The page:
FRYEAN MYTHOS: *drama*
CAMPBELLIAN FUNCTION: *metaphysical, psychological*
In two essays, here and here, I spent some time showing how one subcombative horror-film, Sam Raimi’s 1983 EVIL DEAD, started out as a story about demons wasting a cabin-ful of disposable victims. Then, after the first film's success, the next two film sequels moved into combative territory, building up one character, Bruce Campbell’s Ash, as a formidable demon-slayer. I was aware of a similar transformation in Don Coscarelli’s PHANTASM series, but I hadn’t realized that Coscarelli was ahead of Raimi in both departments. That said, except for sharing some of the same “splatter” techniques, PHANTASM does not greatly resemble the EVIL DEAD series in tone.
In Stephen King’s book DANSE MACABRE, he claims that his son defined death as “when the monsters get you,” and Coscarelli’s PHANTASM embodies that attitude toward fatality. The film opens in a downbeat manner, as three small-town residents—Mike, his older brother Jody, and their mutual friend Reggie—mourn the loss of another friend, Tommy. Unlike the mourners, the viewers of the film know that Tommy was murdered by a strange demon-woman. However, Mike observes suspicious activity on the part of the funeral home's head mortician—a gaunt old fellow billed as “the Tall Man” (Angus Scrimm). Young Mike’s investigations reveal that the funeral home conceals a gateway to another world, and that the corpses of those interred at the graveyard are not allowed to rest in peace. Instead, the corpses are revived and mutated into dwarf-sized minions later called “Gravers,” and they’re sent through a dimensional portal to another world, where they serve as slave labor. However, when Mike tries to reveal his discovery to Jody and Reggie, they think he’s come unhinged, due to the effect of grief upon his young mind. Meanwhile, the Tall Man seeks to silence the boy who has uncovered his alien secrets.
Despite some fast-paced and ultraviolent scenes—particularly when the Tall Man unleashes unique weapons, silver spheres with knife-like attachments—PHANTASM always keeps a dream-like feeling of shifting realities, even after Mike finally manages to convince Jody and Reggie to the looming danger. Coscarelli’s script does not attempt to justify the Tall Man’s operation in terms of logical motivation, and thus, despite the science-fiction trappings, the monsters of the Morningside Funeral Home might as well be demons from the world of death, preying upon the bodies of the deceased simply out of general malice. In a similar manner, the later Freddy Krueger, nominally a vengeful revenant, would take on the stature of a child-killing demon. Jody perishes, leaving Michael and Reggie to struggle against the depredations of the iniquitous otherworlders. The film ends by suggesting that the heroes are ultimately defeated by the emissaries of death.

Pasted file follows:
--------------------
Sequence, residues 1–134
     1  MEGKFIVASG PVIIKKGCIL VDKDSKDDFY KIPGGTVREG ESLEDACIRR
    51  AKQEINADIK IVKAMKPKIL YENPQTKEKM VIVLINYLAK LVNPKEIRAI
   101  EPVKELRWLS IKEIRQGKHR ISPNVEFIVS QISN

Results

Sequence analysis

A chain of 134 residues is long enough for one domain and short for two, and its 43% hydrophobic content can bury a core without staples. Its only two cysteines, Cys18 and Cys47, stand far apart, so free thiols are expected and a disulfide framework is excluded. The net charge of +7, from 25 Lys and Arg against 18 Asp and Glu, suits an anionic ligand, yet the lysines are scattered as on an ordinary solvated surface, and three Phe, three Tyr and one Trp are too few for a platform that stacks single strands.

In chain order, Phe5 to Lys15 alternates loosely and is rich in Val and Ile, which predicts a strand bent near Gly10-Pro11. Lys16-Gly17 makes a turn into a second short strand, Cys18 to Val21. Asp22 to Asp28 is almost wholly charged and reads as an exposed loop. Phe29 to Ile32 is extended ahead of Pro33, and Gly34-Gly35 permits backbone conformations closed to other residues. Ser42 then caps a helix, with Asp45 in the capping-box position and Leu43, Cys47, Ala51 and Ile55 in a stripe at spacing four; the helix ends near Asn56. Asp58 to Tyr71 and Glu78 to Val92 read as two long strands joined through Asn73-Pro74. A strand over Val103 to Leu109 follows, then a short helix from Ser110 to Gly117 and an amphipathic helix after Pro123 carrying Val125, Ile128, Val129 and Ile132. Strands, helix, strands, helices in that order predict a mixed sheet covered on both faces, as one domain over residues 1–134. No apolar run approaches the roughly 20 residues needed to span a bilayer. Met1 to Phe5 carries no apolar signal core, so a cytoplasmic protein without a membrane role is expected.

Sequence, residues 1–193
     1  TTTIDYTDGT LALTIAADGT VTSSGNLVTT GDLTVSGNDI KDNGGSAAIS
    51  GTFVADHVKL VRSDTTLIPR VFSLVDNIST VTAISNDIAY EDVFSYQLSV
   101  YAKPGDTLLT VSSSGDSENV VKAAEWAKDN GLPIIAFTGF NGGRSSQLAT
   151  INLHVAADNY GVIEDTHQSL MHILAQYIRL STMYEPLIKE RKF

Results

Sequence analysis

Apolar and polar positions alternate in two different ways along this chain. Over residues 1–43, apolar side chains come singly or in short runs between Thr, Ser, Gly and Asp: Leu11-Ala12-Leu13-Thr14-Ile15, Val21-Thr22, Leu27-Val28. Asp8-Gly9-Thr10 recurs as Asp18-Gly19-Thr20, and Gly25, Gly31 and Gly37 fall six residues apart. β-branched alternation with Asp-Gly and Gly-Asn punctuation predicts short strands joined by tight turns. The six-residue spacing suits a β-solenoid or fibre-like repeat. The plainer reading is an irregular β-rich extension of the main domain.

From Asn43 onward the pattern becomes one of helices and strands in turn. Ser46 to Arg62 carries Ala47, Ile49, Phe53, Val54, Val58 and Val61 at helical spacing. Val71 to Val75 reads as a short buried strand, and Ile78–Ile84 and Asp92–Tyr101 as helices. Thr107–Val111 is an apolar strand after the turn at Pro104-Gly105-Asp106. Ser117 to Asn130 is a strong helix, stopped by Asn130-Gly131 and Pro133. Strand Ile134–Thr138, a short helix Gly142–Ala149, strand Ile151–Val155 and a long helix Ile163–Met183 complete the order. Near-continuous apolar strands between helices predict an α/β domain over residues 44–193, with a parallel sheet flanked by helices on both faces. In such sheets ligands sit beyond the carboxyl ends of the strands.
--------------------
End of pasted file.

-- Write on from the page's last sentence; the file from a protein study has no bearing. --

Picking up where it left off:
Seven years later, Coscarelli gives two of his characters, Mike and Reggie, the chance to become “fearless ghoul killers.” Mike was not killed as the end of the 1979 film suggested, but was declared insane and institutionalized for seven years, making him nineteen at the start of PHANTASM II. Reggie, for his part, has more or less forgotten his experiences of the first film, and when Mike once more tries to probe the mysteries of the funeral home, the older man tries to keep the younger one from exposing his obsessions. However, the boundaries between dream and reality break down once more. Mike has dreamed that Reggie’s house will blow up—and then it does, killing the older man’s family committing him to the cause.
The first film has no significant female characters; it’s purely a tale of men fighting demons. But here Mike also dreams of a young woman in another city, Liz, and tells Reggie that she too is being victimized by the Tall Man’s operations. Armed with a variety of weapons—a chainsaw, a drillbit, and various guns—the two men set out to prevent the death-demon from claiming more victims. For her part Liz suffers the loss of her grandmother, later made into a dwarf-thing by the aliens, but she acquits herself well in fighting back against the phantasmal evils.
Despite the sequel’s greater emphasis upon combative action, Coscarelli maintains the first film’s sense of oneiric dread, the feeling that at any given time the forces of the irrational can invade the waking world and sweep everything down to dusky death. In future posts I plan to examine the other three sequels, the better to judge their combative elements. As for the mythicity of the first two films, Coscarelli’s sci-fi rendering of the Great Unknown proves ingenious, but he never elaborates his general notion into a concrescent concept, which may be the overall result of his emphasis on unpredictability. And though many films about killing monsters center primarily on the monsters, here the monster-killers, both in their subcombative and combative phases, are the stars of the shows.